In the Spotlight

Updated Immunization Recommendations

Contributed by Ann Terri Murphy
National Center for Health Promotion and Disease Prevention

a veteran getting his shots

Most people get shots for tetanus (lockjaw) and diphtheria (an infection in the back of the throat that can lead to serious problems) as children. But protection for these diseases fades with time, so adults need booster shots. The Centers for Disease Control and Prevention and VA advise that most adults receive a Td (tetanus and diphtheria) booster every 10 years. For most people, one of these boosters should also include protection against pertussis (whooping cough). This vaccine is called Tdap. The booster shot Tdap can now be given earlier than the 10-year mark. Getting Tdap is especially important for adults who are around infants 12 months of age or younger. These young children may not yet have protection against pertussis from their baby shots. The best way to protect them is to be sure that adults who are around them do not spread the infection to them.

Here are the new recommendations:

  • If you are age 18-65 and you have not yet had a booster shot that included protection against pertussis, you may now get the Tdap vaccine. It does not matter when you last received the Td vaccine. It is very important to get the Tdap vaccine as soon as you can if:
    • You have (or will have) close contact with an infant or
    • You live in an area that is having an outbreak of pertussis
  • If you are 65 and older and you have not yet had a booster shot that included protection against pertussis, you should get the Tdap vaccine as soon as you can if:
    • You have (or will have) close contact with an infant or
    • You live in an area that is having an outbreak of pertussis

Note: If you are 65 and older, you do not need the Tdap vaccine if:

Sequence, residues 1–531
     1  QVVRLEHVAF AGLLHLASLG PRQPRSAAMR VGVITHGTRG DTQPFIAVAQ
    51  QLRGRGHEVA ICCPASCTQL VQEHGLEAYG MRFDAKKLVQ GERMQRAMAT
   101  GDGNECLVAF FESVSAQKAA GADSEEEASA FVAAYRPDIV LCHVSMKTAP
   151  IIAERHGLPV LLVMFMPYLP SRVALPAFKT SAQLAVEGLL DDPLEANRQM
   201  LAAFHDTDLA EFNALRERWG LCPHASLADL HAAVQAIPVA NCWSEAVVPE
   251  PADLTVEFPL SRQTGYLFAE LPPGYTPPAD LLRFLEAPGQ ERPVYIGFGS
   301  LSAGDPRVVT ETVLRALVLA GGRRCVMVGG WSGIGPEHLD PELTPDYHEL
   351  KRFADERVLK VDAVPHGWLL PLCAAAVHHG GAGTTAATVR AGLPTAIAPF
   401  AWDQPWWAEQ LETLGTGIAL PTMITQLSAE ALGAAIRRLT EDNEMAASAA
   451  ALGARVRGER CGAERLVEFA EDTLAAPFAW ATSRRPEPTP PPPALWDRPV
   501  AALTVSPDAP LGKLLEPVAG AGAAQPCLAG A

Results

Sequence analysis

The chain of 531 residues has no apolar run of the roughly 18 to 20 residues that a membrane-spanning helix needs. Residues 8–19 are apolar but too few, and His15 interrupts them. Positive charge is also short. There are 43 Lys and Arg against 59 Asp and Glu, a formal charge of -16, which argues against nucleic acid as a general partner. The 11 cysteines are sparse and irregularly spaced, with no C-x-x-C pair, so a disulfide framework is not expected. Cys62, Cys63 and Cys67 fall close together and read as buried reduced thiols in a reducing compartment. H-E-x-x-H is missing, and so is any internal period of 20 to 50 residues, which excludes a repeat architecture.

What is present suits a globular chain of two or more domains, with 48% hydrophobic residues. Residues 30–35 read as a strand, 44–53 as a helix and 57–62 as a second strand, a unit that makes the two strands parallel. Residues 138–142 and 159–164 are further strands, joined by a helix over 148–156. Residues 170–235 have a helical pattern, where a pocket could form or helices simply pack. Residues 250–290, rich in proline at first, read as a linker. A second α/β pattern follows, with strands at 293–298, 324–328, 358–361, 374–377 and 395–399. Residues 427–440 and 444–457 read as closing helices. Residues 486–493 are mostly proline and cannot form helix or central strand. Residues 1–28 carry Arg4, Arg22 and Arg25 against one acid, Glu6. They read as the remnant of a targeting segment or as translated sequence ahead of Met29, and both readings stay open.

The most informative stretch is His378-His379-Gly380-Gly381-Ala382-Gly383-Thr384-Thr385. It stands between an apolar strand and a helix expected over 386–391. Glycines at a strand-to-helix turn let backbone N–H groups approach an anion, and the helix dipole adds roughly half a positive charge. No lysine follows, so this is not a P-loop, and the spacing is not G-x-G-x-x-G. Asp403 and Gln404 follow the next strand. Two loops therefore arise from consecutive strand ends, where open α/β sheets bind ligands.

• You do not think you will have close contact with an infant
  • You do not live in an area that is having an outbreak of pertussis

Whether you get the Tdap or not, you should continue to get Td vaccine every 10 years.

The main reason for the updated recommendations is to protect infants from pertussis by giving shots to adults. Pertussis is also known as 'whooping cough.' Pertussis is a highly contagious disease that can cause serious illness. Infants too young to be fully vaccinated are at a higher risk for getting the disease.

needle
child suffering from pertussis

The disease starts like the common cold. Symptoms may include a runny nose, sneezing, and maybe mild cough or fever. After 1-2 weeks, severe coughing can begin in some cases.

Pertussis is most severe for babies:

  • More than half of infants younger than 1 year of age who get the disease must be hospitalized.
  • About 1 in 5 infants with pertussis get pneumonia (lung infection).
  • In rare cases (1 in 100), pertussis can be deadly, especially in infants.
  • In 2009, there were nearly 17,000 reported cases in the United States, including 14 deaths from pertussis. In 2010, several states reported an increase in cases and/or outbreaks of pertussis. This included a statewide outbreak in California.

For more information, visit the Center for Disease Control (CDC).

Learn About

Pertussis (Whooping Cough) - What You Need To Know - offers an overview about the disease and provides helpful tips about what you need to know.


Updated/Reviewed: May 1, 2011